Dalkey ‘ultras’ invade Croke Park as Cuala GAA make history

South Dublin club hired two private DARTs to ferry fans across city to witness victory

Cuala GAA fans gathered at their clubhouse from early this afternoon, before making the journey to Croke Park. Photograph: Jack Power

Cuala GAA fans gathered at their clubhouse from early this afternoon, before making the journey to Croke Park. Photograph: Jack Power

 

Dalkey’s invasion of Croke Park began early Friday as Cuala GAA supporters marched through the south Dublin village en route to their first All-Ireland hurling club final.

The club hired two private DARTs to ferry the fans over to the northside.

Cuala, one of the larger GAA clubs in Dublin, were seeking to be the first side from the capital to win an All-Ireland club hurling final.

And it proved to be their day as they saw off Ballyea by a comfortable, 11-point margin.

The club’s fans gathered at their clubhouse from early afternoon, where there was music and face painting, before marching up though Dalkey town.

The GAA club’s chairman, Adrian Dunne (46) said it was brilliant to see the nearly 2,500 supporters turn out. “I’ve never seen anything like this, and possibly will never see anything like this again.”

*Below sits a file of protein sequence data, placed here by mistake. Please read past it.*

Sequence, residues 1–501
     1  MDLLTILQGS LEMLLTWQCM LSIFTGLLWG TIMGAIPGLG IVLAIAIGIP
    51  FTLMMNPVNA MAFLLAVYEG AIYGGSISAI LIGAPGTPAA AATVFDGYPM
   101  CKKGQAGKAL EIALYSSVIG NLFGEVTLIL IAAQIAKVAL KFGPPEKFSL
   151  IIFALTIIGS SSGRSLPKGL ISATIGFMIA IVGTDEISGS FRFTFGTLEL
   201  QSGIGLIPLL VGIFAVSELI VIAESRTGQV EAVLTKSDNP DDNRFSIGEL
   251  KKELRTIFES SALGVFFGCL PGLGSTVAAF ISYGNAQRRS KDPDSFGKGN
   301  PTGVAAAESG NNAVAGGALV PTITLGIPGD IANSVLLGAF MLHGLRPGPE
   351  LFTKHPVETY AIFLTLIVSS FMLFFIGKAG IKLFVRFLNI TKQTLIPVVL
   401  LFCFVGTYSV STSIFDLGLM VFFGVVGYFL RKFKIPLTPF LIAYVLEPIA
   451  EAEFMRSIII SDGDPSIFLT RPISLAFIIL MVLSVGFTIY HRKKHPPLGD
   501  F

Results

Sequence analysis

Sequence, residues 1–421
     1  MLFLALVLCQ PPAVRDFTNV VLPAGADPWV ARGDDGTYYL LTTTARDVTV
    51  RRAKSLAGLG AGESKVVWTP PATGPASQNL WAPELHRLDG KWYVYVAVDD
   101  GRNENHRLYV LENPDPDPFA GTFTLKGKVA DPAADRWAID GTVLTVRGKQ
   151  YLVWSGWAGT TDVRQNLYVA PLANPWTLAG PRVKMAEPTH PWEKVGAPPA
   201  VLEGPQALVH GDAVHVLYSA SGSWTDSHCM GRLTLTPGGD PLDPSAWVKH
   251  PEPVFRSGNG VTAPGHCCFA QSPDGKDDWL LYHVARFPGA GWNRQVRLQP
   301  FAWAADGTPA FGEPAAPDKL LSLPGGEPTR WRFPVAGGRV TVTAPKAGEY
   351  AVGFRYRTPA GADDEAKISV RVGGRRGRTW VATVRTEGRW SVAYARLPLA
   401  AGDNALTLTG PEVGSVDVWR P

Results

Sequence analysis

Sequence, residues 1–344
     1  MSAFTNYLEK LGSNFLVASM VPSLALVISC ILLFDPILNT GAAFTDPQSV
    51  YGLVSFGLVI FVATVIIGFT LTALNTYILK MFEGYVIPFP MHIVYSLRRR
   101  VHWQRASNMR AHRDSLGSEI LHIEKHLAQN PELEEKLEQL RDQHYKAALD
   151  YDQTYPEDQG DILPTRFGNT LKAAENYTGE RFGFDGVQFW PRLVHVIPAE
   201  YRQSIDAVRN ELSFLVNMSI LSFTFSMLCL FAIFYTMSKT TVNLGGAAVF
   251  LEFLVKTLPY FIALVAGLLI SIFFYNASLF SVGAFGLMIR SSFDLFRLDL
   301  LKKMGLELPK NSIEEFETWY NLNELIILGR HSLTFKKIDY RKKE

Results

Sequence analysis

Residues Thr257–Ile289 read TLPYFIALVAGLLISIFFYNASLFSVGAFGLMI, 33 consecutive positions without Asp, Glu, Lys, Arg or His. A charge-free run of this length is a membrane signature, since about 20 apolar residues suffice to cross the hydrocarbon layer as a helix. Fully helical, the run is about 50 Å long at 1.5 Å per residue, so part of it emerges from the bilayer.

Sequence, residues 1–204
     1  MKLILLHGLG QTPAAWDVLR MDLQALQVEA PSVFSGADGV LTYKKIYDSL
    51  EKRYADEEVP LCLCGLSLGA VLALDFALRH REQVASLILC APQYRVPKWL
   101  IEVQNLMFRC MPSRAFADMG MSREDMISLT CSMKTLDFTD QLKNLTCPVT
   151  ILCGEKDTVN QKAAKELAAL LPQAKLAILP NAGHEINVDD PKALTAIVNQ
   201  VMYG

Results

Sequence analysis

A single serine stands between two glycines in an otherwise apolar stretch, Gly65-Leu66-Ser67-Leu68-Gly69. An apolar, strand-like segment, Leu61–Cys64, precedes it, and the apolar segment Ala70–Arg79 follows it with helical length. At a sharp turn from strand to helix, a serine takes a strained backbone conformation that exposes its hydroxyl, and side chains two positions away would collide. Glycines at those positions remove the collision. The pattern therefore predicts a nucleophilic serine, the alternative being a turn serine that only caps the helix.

Mr Dunne said the day was particularly emotional following the death of his father earlier this week.

“For the week that’s in it, with my father passing, this is the second big turnout this week for the club,” he said.

The club was like a family he added. It was “there for everybody, one big united family”.

For St Patrick’s Day, Dalkey had substituted green flags for the local club’s red and white colours. And the self-titled Cuala “ultras” got the marching crowd chanting as they wound their way through the streets to the DART station.

One such “ultra” Jack Twoomey (17) said the turnout from supporters was “brilliant”.

“We have the roads closed, everyone is around, everyone is buzzing.”

Twoomey, who lives in Stillorgan, plays for Cuala at minor level in midfield. “It’s an unbelievable achievement already so far to get to the final” he said.

“I’d never have imagined we’d do it.”

Mick Walsh (43), who works in Trinity College Dublin’s IT department, is one parent involved in managing a club team. He said there was a “huge excitement” around the town.

“If you walk up the town you can see there’s flags, bunting, pictures of the club in windows. The town has really got behind us and it’s great to see.

“We’ve had a lot of support from other GAA clubs around Dublin, and indeed even the other local sports clubs, everyone has wished us good look. It’s great to see such a good story for the locality.”

The club’s secretary Paddy Murdock, a 43-year-old software engineer, said to be in the final for both the club and the community “was absolutely massive”.

“I would have watched club All-Ireland hurling finals religiously over the last 25 years, and always with a little bit of jealously that there was never a Dublin side there. We’re here now. It’s nearly surreal to be honest; what a day for the club.”

Supporters are due to return to the Dalkey clubhouse Friday evening where a reception is planned.

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